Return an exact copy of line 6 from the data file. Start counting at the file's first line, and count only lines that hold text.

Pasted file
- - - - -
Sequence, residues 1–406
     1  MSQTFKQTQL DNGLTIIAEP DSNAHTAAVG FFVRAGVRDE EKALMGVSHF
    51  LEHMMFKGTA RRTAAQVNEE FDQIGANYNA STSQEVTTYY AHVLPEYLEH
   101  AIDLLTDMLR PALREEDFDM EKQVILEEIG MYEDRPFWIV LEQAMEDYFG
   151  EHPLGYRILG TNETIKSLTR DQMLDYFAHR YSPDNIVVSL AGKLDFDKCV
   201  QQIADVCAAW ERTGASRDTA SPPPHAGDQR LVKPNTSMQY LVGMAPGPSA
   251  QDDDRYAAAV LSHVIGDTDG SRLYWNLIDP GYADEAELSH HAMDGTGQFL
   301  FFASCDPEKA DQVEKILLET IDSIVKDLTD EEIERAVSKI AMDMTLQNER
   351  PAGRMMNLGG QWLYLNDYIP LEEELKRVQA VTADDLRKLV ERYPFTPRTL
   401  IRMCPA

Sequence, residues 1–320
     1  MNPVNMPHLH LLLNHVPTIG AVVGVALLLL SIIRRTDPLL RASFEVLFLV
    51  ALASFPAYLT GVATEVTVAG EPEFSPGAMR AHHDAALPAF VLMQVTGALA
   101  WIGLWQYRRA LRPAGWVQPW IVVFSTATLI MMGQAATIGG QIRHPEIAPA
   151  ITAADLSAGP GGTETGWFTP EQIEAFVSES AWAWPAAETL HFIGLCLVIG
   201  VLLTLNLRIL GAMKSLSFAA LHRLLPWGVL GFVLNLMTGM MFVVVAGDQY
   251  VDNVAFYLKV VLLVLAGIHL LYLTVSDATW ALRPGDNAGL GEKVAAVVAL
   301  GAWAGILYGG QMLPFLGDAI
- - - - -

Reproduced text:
   201  QQIADVCAAW ERTGASRDTA SPPPHAGDQR LVKPNTSMQY LVGMAPGPSA